"After Sam started taking seizure medication, it’s like the world opened up for him. He was finally able to understand us and express himself. There are times when he’s a chatterbox. It’s like saying, ‘Imagine the impossible for Sam,’" and then watching it happen.
"His vocabulary has exploded. He’s happy, and he’s now a very social child—he loves being with other kids,” Bethel adds. “He just didn’t have the language and awareness to be with other people,” before starting on the medication. “Now, if he’s with other kids, he’s always attentive; he’s always there. His mindset is in the game, and he just became a part of the world.”
Sam’s older sister plays the piano—and all of a sudden, Sam started playing the piano, too. Bethel gave him a few lessons, and soon he was reading music and playing simple songs. And he loves Lego bricks. “He doesn’t even look at the manual. He just gets a new box of Legos and assembles the models himself,” Bethel says.
The piano lessons didn’t last long, though. “Now he’s a rebellious 10-year-old wanting to do his own thing,” Bethel says with a smile. But that’s a good thing. “We like those ‘push-the-button’ behaviors, because that’s typical growth.”
A Medication Tweak
Earlier this year, Sam had a follow-up EEG—only four hours long this time—to monitor his progress. He was still having occasional staring spells, and Dr. Joseph Scafidi, a pediatric neurologist who had just started working at Kennedy Krieger, wanted to know why. The shorter EEG allowed Dr. Scafidi to get an update on Sam’s brain activity without putting Sam through an overnight study again.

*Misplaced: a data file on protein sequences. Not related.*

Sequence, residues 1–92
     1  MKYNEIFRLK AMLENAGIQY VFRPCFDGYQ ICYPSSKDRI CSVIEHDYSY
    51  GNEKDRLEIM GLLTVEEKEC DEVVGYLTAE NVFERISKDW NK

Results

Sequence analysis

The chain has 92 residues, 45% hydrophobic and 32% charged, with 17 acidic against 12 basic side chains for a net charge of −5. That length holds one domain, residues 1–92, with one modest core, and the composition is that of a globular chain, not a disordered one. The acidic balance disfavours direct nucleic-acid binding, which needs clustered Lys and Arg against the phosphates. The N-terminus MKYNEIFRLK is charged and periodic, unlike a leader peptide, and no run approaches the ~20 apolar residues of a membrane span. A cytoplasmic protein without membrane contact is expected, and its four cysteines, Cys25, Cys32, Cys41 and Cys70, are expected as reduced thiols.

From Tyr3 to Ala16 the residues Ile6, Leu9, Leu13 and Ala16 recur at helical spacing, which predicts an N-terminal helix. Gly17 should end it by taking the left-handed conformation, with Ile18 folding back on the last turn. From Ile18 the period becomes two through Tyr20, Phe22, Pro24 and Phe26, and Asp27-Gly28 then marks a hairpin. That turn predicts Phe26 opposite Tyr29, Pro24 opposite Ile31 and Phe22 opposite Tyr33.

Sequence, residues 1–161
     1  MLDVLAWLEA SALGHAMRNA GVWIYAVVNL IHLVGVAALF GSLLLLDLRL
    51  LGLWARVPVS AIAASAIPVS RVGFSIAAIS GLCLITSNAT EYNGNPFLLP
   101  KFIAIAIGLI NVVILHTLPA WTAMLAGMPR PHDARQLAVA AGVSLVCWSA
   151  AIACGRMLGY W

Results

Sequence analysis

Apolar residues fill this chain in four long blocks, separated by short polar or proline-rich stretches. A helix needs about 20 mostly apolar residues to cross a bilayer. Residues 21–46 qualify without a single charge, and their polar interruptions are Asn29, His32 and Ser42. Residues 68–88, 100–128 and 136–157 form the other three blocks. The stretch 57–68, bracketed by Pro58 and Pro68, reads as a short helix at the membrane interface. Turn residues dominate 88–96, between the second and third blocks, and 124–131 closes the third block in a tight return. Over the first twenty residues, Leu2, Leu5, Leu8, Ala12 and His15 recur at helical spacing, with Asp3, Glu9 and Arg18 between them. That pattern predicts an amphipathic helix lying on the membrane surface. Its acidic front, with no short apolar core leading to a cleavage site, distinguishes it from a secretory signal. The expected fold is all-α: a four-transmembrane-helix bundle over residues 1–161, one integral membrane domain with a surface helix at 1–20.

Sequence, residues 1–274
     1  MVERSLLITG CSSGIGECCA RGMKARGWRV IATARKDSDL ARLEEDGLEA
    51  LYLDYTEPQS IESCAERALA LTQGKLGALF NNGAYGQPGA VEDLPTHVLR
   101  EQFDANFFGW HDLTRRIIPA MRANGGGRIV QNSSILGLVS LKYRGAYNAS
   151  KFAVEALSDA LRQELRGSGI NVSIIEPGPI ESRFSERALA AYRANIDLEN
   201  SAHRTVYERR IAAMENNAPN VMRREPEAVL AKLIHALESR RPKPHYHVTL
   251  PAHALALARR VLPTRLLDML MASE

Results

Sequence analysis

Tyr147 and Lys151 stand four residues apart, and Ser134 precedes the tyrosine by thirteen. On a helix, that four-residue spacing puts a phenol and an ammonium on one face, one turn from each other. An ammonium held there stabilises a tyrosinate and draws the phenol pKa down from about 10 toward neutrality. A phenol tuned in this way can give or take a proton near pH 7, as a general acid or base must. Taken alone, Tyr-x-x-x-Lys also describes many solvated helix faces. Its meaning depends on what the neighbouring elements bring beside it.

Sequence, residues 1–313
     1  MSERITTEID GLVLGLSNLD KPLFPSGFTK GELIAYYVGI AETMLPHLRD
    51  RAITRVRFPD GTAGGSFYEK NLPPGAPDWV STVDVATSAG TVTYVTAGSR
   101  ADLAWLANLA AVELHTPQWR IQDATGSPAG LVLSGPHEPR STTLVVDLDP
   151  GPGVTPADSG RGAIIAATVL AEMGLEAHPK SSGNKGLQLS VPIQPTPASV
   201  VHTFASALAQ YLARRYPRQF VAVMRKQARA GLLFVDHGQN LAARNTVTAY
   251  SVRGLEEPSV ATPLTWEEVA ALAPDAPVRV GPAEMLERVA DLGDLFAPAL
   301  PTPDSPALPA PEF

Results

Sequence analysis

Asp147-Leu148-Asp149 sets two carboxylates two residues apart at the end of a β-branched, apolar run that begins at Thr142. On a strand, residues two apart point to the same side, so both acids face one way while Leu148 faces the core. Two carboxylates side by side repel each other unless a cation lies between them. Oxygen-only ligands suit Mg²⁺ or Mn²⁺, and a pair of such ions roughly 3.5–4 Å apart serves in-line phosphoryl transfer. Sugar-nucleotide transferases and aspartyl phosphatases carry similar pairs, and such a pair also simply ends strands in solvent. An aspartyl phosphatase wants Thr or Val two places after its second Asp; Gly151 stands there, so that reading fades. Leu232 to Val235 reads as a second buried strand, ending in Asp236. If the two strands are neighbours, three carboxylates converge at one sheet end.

His vocabulary has exploded. He’s happy, and he’s now a very social child—he loves being with other kids."
– Bethel, Sam's mom
This second EEG confirmed that Sam was still having some small seizures. Because liquid Depakote is absorbed quickly by the body, leaving downtime between doses when the medication isn’t having as much of an effect, Dr. Scafidi wanted to see if Sam could tolerate Depakote capsules. The “sprinkles” contained in each capsule could even out the medication’s effect across the day.
Dr. Scafidi worked with Bethel to come up with a way for Sam to take the capsules. Swallowing them was difficult for Sam, but opening up each capsule and sprinkling its contents onto a spoonful of Jell-O or pudding worked. Since starting on the capsules, Sam’s been seizure-free.
Sam has frequent check-ins with Dr. Scafidi to adjust his medication dosage as his height and weight increase. After two years without seizures, Sam may be able to discontinue the Depakote, but either way, he’ll remain monitored by Dr. Scafidi and his other Kennedy Krieger clinicians.
“I try my best to build close relationships with my patients and their families, so they know they can always contact me with any concerns,” he says.
Sam’s parents are amazed by their son’s progress. “Sam has been a surprise, all around,” Bethel says.
“If not for Ms. Umayam’s detailed history-checking and keen investigating skills, Sam’s seizures might not have been discovered,” she adds. “Last year, if someone had told us that we would get to this level and Sam would be a part of the community as he is now, I would never have believed that. Since beginning his anti-seizure medication, we have seen a world of difference in Sam’s life.”